If you're like most Americans, this past summer season was filled with short trips out town, family vacations, and likely some extra spending on eating out and entertainment as well. A recent NerdWallet survey found that Americans planned to put $1,019 on their credit cards to cover travel summer travel costs and said they'd spend about $471 per child for summer activities.
Vacations are a much-needed element for a balanced work life, and some Americans don't take them. But the added expense of taking a trip out of town, or sending the kids to summer camps, can easily bust your budget and may even saddle you with additional credit card debt. If you're guilty of overspending over the summer, don't worry; just follow these three simple ways to help get your budget back into shape.
1. Revisit your budget and cut out additional expenses
Summertime often means meeting up with friends for dinner or taking the family out for a meal. It's easy to get stuck in a pattern of spending money on eating out and not even realizing how much it's busting your budget. The average American typically spends about $263 per month on eating out, and it's one of the easiest things to trim from your monthly expenses. If you notice that you're continuing to eat out like it's the summertime, consider cutting back to get your food budget back in line.
Next, take a look at your entertainment expenses and see if you've picked up any unhealthy spending habits over the summer. For example, perhaps you made it a habit of catching all of the summer blockbusters over the past few months. This might be causing your entertainment expenses to become much larger than you realize.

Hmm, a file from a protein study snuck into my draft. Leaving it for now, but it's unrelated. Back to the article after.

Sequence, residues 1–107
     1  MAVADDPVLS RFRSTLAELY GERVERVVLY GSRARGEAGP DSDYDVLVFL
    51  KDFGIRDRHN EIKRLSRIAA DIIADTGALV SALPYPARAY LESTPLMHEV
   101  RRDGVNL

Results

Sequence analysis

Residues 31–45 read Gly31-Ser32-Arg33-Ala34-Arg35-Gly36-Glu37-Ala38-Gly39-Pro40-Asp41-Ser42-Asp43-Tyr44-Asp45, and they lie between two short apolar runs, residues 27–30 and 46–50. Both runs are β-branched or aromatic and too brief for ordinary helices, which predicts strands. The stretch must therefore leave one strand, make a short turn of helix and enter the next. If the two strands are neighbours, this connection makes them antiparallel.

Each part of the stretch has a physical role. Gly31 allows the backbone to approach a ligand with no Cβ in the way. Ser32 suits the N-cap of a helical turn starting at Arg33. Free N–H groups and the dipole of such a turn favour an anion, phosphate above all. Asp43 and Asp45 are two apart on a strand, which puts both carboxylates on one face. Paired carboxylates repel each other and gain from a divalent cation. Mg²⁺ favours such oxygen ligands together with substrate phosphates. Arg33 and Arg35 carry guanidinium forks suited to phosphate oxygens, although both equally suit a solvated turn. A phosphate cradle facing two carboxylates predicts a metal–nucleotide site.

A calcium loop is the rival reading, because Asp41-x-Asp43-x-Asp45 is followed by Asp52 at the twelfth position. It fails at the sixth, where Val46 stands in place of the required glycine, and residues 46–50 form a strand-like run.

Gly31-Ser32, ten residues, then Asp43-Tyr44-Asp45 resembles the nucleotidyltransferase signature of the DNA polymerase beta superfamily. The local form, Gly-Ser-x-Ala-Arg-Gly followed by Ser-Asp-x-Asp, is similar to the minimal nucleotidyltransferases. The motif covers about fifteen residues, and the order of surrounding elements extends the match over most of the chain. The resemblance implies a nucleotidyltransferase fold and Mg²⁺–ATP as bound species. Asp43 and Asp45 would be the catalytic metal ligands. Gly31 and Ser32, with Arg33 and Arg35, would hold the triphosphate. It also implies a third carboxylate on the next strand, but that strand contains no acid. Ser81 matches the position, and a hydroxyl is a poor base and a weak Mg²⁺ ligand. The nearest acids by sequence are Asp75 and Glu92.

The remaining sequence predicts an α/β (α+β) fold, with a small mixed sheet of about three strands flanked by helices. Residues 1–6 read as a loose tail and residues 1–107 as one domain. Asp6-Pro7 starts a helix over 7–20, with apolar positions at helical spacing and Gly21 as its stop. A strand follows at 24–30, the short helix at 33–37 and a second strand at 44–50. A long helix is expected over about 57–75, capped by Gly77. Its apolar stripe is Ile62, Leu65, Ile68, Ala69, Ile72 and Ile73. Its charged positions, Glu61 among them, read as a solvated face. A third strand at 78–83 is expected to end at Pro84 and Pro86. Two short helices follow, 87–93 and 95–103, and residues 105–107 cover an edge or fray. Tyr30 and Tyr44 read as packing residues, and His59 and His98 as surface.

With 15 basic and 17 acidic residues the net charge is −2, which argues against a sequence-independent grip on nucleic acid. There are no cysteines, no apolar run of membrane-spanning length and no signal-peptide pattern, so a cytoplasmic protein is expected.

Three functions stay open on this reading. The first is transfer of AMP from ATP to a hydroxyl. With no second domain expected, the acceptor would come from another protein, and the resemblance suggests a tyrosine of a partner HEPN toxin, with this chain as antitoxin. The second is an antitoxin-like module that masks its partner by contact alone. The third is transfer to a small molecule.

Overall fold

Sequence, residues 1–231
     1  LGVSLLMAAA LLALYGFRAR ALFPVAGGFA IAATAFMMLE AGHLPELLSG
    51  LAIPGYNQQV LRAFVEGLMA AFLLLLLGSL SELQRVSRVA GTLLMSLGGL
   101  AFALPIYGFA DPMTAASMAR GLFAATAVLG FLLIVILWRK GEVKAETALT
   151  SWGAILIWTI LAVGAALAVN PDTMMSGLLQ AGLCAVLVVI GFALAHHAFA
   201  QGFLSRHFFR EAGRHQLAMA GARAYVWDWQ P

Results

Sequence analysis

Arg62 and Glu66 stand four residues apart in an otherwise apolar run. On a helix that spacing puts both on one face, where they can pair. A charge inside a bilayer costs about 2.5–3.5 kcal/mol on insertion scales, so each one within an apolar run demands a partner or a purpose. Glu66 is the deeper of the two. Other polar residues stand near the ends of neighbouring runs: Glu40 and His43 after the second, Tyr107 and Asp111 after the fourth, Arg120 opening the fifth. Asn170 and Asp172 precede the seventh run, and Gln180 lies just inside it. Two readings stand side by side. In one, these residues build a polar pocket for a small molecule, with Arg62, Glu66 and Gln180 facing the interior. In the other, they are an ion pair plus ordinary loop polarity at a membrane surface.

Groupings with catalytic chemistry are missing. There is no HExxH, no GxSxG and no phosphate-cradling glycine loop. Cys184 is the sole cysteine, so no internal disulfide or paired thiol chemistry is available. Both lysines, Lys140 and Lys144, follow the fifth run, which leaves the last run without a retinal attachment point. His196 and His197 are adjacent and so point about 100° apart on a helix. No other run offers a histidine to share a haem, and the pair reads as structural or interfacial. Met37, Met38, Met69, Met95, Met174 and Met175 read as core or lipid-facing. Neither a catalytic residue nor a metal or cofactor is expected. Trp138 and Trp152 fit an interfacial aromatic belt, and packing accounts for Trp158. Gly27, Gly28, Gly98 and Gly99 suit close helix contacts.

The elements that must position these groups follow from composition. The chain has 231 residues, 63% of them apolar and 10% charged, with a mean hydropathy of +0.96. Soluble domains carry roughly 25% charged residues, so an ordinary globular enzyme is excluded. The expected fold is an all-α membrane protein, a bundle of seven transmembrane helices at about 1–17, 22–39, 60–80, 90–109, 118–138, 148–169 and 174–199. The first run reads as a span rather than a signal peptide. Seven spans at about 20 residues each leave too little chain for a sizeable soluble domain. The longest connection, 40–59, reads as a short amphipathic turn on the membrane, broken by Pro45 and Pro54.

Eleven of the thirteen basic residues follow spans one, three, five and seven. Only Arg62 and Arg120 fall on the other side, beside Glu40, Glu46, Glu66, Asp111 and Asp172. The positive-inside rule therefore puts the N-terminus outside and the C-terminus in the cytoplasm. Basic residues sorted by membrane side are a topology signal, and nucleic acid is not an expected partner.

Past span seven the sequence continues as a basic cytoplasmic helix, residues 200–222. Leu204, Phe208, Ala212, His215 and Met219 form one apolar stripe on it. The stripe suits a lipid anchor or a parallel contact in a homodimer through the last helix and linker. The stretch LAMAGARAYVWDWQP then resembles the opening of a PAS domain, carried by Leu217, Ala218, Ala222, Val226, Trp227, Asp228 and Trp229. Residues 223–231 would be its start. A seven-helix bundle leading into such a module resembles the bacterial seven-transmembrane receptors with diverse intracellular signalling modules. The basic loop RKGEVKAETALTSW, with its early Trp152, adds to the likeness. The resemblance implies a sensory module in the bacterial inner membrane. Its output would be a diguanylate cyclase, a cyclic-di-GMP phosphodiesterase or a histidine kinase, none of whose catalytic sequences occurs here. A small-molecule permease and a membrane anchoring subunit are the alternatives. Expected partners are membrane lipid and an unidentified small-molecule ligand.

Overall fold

2. Get back on a savings plan
It's logical to assume that if many Americans are spending more money over the summer, then their savings plans may have taken a hit to cover the costs. The average American doesn't have enough savings to cover a $1,000 emergency, which means that most Americans would do well to spend a little time working on this part of their personal finances. And with the fall season about to begin -- and the holiday season just around the corner -- now is a great time to revisit your personal savings plan.
The first step to kicking off your post-summer savings plan is to establish a goal. Maybe you spent some of your savings to cover fun expenses over the summer, and all you need to do is map out a weekly or monthly savings plan to get your savings account back to where it was a few months ago.
But if you don't have anything in your savings account, then first start with saving $1,000 to create an emergency fund. If you already have that, then focus your attention on setting up a plan that gets you to a goal of having three to six months of expenses socked away.
Whether your savings plan goal is to save $1,000 or to replenish your savings account to its pre-summer amount, it's a good idea to automate your savings so you won't stray off course.
3. Tackle extra debt you accumulated over the summer
This section may be most important for most Americans, especially given our penchant for charging our expenses. The average credit card interest rate is now at a staggering 16.7%, and that means if you made a minimum payment of $25 per month on a $1,000 balance on your credit card, at a 17% interest rate, it would take 60 months to pay off and cost you $486 in interest charges.
The best way to start tackling your post-summer debt is to focus your attention on your smallest credit card balances first. For example, if you put a few plane tickets on an airline credit card, and the amount is smaller than your other credit card balances, then pay that card off first. The point is to take care of smaller debt amounts first so that you free up more money each month and add momentum to your debt repayment plan.
Get back on track
One of the most important things to remember about getting your budget back into shape is to be honest with yourself about some of your additional spending habits. It might feel overwhelming to log in to your bank accounts and take inventory of your spending habits, but the faster you do it -- and then create a plan for paying down your debts and saving money -- the quicker you'll be ready to handle new expenses that are bound to pop up.
The Motley Fool has a disclosure policy.